The new United Nations high commissioner for human rights is a Jordanian prince, longtime diplomat, and the first Arab and Muslim to hold the influential position.
Prince Zeid Raad al-Hussein assumed the four-year, Geneva-based job a week ago, replacing South African jurist Navi Pillay after winning unanimous support from the U.N. General Assembly in June.
The 50-year-old Zeid, educated in the United States and Britain, has been Jordan's ambassador to the U.N. twice in the last 14 years, with a three-year break when he served as Amman's top envoy in Washington.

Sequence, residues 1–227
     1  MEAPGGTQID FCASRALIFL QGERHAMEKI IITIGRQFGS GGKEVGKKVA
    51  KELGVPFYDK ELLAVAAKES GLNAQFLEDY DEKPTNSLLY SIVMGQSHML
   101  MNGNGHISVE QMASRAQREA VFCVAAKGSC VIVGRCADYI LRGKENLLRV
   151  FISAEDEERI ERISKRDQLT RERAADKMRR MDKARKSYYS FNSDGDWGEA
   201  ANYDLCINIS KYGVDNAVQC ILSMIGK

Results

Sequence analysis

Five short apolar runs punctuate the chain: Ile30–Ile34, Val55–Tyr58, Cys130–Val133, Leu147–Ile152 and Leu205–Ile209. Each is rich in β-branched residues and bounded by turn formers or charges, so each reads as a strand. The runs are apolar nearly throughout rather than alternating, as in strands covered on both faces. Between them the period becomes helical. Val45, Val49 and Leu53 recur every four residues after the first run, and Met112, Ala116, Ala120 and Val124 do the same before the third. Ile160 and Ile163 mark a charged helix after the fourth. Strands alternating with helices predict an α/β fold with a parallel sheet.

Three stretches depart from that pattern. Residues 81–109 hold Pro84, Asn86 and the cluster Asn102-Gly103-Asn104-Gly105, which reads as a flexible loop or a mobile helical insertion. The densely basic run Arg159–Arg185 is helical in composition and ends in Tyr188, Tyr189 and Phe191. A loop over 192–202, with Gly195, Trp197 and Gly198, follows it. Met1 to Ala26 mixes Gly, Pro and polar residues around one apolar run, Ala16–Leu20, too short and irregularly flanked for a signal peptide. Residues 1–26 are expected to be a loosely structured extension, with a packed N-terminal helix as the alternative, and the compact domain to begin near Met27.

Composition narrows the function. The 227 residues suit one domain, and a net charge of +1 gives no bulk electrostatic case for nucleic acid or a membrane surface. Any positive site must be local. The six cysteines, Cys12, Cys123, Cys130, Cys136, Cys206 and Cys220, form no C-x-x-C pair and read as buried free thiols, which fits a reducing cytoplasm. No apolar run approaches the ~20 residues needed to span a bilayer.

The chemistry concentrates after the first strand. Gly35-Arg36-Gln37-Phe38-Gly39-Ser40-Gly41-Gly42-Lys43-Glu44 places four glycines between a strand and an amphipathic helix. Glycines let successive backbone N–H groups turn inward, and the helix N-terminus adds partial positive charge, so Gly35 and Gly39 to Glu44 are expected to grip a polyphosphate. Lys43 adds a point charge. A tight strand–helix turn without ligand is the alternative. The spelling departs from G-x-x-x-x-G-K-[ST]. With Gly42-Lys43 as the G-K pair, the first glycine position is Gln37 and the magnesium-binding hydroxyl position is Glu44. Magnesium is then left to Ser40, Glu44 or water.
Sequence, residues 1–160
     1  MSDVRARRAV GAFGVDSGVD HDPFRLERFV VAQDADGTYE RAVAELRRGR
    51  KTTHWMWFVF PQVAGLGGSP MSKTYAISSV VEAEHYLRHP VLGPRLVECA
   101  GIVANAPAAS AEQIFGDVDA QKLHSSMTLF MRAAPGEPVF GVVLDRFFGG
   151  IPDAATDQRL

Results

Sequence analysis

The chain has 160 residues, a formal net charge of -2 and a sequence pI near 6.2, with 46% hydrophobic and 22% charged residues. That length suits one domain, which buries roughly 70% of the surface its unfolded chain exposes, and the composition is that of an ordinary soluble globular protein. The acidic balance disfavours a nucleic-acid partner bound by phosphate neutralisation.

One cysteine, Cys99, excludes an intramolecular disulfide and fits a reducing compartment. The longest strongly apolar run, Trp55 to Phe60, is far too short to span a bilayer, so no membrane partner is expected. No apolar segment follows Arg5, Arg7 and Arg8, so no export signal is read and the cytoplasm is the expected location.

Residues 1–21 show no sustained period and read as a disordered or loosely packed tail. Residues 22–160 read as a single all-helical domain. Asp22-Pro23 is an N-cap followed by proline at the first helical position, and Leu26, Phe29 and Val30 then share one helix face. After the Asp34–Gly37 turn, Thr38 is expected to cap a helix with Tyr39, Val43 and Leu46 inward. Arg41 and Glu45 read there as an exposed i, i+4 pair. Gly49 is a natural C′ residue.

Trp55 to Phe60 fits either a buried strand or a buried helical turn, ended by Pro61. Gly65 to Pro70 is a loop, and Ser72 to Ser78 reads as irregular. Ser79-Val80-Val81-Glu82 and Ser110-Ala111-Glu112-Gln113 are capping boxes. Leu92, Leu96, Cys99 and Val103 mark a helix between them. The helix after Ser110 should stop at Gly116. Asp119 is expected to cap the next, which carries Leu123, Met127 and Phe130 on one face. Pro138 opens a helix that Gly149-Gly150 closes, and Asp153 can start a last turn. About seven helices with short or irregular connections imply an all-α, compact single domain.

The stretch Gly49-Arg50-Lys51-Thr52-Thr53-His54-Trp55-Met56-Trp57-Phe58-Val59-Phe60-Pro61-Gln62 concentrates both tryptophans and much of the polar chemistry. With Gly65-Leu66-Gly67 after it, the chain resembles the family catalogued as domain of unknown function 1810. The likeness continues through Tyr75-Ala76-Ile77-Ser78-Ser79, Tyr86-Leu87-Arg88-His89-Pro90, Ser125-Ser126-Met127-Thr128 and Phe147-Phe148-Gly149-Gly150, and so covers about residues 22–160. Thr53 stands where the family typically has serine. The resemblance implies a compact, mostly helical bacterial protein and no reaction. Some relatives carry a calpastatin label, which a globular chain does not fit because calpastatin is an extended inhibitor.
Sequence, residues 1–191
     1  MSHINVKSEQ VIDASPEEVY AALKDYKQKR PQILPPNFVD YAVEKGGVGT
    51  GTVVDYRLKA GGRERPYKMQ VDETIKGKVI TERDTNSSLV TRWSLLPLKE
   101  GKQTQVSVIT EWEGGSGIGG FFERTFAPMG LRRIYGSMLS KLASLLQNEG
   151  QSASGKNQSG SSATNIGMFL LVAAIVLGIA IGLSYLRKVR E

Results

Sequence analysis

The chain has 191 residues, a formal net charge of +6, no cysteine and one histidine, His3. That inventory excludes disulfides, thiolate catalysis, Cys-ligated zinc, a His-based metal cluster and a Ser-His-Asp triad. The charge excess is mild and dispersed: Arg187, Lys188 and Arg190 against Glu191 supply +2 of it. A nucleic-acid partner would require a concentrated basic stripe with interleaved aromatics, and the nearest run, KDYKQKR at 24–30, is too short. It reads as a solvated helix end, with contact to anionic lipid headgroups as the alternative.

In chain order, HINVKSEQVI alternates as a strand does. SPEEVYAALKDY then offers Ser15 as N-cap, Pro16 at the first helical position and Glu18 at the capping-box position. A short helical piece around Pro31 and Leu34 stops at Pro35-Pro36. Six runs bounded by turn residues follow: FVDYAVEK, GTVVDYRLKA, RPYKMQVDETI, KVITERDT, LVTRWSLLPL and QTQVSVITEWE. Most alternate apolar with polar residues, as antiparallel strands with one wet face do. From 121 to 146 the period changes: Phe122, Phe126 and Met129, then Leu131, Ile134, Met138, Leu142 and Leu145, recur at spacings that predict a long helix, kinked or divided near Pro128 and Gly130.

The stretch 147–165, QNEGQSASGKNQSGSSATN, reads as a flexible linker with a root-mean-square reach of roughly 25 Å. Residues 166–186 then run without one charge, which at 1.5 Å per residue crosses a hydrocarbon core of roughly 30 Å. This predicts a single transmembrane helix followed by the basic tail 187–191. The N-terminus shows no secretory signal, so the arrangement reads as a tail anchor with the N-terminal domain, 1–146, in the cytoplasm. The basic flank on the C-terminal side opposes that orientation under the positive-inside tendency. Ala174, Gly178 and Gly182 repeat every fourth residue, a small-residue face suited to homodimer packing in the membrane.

He has been a strong advocate for international justice, playing a key role in the creation of the International Criminal Court.
Zeid also has worked as a political officer in the U.N. mission to the Balkans and as an adviser to former U.N. Secretary-General Kofi Annan.
The U.N. high commissioner for human rights is charged with protecting the rights of all people throughout the world that are spelled out in the United Nations charter and several global treaties.
The U.N. human rights commissioners have often issued reports, as Zeid did Monday on abuses by Islamic State militants, that highlight mistreatment of women, children, and religious and ethnic minorities throughout the world.